By Leslie Lindsay
I am so honored by the generous apraxia moms who have reached out with their stories on apraxia. Everyone’s experience with childhood apraxia of speech (CAS) is as unique and individual as their precious child and this story from Jennifer, mom to Gavin illustrates not just differences–but also similarities–those milestones we hope to hear, the questions we ask, and the overall outcome of having a healthy, happy child.
Here she is in her own words on how to navigate the (sometimes) bumpy road of apraxia, seek the best therapists for your child, and how to measure success.
**Searching for the Truth in our Journey with Childhood Apraxia of Speech**
By Jennifer Helm
Our family has been on a journey the past few years – searching for the truth in our journey with childhood apraxia of speech.
Our son did not babble as a baby and his cry was so faint that it could barely be heard. During the first years in life, he missed all of his milestones – holding his head up, sitting up, standing, crawling, and walking. If it was in a baby’s first year book as a milestone, it was considerably delayed. We knew early on that his development wasn’t typical and were referred to early childhood intervention services. From the day he was born (and after a normal pregnancy and delivery), our lives took on a new meaning as we began to search for the truth.
In the preceding decade before our son was born, my husband and I traveled, developed our careers, and devoted energy to ensuring we were fully ready for the commitment of children, both emotionally and financially. By the time I became pregnant, we felt that we accomplished our pre-family goals and were set for the next chapter in our lives. While I like to think that some of that planning and maturity helped us to embrace our new norm that was many miles from our preconceived notions, I do not know. I do know that our lives quickly became consumed with the medical world and specialist visits to neurologists, geneticists, developmental pediatricians, cardiologists, craniofacial specialists, and speech therapists, to name a few. These were our new friends and this was our new world, all in search for the truth.
At varying times in our journey, we were faced with suspected diagnoses ranging from autism, a serious mitochondrial disorder, and a host of rare syndromes with long and complicated names. Our world quickly became a roller coaster ride and it was clear we weren’t getting off anytime soon. The pursuit for the truth was always and never ending. In our world, one week might consist of us determining that our son was fine and that we were just paranoid and overprotective parents. “Maybe we’re just a little too informed for our own good”, I recall thinking. The next week might consist of a dire test result, bleak doctor visit, or grave expert recommendation that led us into a delirium of all night Internet searches and tough conversations in a world of dashed hopes and dreams.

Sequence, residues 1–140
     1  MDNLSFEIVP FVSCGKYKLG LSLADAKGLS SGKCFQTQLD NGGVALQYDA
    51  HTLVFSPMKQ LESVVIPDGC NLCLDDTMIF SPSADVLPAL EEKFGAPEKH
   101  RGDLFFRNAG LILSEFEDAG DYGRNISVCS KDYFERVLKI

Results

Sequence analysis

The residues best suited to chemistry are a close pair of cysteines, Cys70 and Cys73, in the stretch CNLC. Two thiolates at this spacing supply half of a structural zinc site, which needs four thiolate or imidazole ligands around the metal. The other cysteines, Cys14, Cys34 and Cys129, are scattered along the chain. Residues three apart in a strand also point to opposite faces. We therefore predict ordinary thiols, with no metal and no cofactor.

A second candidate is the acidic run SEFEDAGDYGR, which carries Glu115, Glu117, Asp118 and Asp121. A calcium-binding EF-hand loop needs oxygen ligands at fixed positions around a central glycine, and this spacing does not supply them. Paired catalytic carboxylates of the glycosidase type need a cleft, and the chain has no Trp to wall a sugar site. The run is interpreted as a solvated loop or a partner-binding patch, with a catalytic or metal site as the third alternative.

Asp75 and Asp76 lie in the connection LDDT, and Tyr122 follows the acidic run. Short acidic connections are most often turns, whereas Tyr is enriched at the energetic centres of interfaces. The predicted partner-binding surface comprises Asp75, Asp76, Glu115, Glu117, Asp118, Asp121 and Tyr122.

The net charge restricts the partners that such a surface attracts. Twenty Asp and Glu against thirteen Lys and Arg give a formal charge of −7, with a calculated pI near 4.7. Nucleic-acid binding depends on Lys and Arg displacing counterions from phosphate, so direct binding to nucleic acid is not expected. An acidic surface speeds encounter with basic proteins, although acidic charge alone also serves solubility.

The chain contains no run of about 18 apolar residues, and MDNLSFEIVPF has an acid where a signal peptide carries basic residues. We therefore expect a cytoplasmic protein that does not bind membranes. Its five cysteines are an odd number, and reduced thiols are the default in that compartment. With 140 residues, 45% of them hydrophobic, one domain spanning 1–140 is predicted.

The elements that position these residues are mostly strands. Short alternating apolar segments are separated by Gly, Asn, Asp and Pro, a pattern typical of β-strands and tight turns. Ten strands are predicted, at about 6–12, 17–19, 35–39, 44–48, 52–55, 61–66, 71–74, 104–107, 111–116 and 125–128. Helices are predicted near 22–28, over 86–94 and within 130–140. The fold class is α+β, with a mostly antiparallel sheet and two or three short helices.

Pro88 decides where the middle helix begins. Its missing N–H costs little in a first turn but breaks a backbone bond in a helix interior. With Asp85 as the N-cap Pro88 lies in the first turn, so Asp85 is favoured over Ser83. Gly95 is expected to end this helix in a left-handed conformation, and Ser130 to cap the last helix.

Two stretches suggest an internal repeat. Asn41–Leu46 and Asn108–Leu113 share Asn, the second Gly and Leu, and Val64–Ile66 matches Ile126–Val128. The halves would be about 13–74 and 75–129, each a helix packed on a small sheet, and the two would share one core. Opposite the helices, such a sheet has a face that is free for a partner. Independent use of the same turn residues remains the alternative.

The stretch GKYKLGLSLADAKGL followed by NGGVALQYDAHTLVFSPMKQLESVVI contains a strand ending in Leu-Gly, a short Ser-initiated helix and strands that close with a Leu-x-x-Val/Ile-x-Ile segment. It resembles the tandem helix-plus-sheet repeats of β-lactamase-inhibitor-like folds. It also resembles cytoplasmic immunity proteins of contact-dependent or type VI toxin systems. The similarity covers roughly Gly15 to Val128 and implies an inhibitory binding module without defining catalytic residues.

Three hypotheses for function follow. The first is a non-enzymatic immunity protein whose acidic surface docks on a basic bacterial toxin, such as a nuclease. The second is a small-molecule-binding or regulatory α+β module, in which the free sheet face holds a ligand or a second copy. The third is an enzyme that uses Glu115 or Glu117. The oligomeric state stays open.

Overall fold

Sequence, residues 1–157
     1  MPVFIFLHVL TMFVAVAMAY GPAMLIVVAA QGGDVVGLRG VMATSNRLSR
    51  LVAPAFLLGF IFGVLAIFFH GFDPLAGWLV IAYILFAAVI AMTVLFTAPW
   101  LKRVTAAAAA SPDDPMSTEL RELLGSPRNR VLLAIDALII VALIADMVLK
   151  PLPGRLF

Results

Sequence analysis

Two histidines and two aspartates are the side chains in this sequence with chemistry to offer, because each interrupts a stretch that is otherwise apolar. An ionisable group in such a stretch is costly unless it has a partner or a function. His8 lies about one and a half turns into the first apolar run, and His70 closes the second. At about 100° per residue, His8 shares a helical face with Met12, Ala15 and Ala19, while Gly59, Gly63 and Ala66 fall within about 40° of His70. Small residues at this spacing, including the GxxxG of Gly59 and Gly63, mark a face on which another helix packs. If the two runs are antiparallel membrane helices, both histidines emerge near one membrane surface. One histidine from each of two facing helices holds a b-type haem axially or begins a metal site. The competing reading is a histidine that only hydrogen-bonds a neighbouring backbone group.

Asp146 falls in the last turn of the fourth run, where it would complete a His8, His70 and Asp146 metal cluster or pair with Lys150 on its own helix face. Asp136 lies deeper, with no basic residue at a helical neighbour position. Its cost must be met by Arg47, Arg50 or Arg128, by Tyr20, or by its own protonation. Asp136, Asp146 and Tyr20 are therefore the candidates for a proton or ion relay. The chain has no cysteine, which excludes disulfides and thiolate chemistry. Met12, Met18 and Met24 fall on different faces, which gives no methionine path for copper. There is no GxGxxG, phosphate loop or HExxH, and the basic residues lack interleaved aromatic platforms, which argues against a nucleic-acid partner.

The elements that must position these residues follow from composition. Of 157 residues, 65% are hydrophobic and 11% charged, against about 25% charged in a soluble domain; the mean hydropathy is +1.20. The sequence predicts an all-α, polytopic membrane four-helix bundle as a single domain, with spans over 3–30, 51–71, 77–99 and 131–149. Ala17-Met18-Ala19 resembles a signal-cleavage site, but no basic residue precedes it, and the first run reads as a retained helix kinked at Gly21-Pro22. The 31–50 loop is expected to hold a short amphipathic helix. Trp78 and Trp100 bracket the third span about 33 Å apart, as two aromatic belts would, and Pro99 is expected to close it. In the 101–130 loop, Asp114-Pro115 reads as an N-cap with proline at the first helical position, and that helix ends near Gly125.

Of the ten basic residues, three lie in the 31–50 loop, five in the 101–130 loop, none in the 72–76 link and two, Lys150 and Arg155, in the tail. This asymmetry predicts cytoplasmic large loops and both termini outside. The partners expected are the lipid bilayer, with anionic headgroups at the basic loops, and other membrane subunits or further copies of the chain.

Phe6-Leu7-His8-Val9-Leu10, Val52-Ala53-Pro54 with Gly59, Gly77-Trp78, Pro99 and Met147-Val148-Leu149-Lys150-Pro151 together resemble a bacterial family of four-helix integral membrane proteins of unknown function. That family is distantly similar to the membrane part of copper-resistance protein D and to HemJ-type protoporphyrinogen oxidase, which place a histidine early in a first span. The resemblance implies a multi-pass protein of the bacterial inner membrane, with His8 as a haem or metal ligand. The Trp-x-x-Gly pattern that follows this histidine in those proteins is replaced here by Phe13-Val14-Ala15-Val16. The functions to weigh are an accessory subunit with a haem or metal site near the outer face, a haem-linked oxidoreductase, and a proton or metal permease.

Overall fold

One thing was crystal clear to us though. We were incredibly blessed to have such a beautiful son. His loving, sociable, and cheerful spirit was amazing and he began to transform our lives in a way that was inconceivable to us before he arrived. He was such a joy and we were beyond proud to be his parents.
During our journey, it was apparent that he understood everything being spoken to him and was extremely bright. His words just seemed to be stuck in his head. He tried so hard to talk but his mouth just wouldn’t release the words. We resorted to sign language, an augmentative device, a picture exchange system, charades, and pointing as he was always equipped with an army of tools to get his point across. I can’t even begin to imagine what it’s like to know what you want to say but not be able to physically get the words out. His thoughts were locked in his head and we were amazed on how he handled his struggle with such grace.
Finding the Truth:
There were so many doubts at so many times. Did he have a normal speech delay? Was he just a late talker? Einstein didn’t talk until he was four – which my husband and I heard from well-meaning friends, family, and acquaintances it seemed like a thousand times over the course of our journey.
At 3 ½, our son was officially diagnosed with severe childhood apraxia of speech (also known as CAS). CAS is a neurological speech disorder where children have problems saying sounds, syllables, and words. The brain has problems in the planning processes of moving the body parts (e.g., lips, jaw, tongue) needed for speech. Our son knew what he wanted to say, but had difficulty coordinating his muscle movements necessary to say those words.
We finally found answers to the elusive mystery that held a tight grip on our lives for so many years. I am not sure why but we somehow mistakenly thought that an official diagnosis would mean so much more than it actually did. It’s hard to explain but it’s almost anti-climactic in a way. Could we rest now that we found the truth? Was this the end of our search for the Holy Grail? The answer was a big resounding NO as the work was just beginning.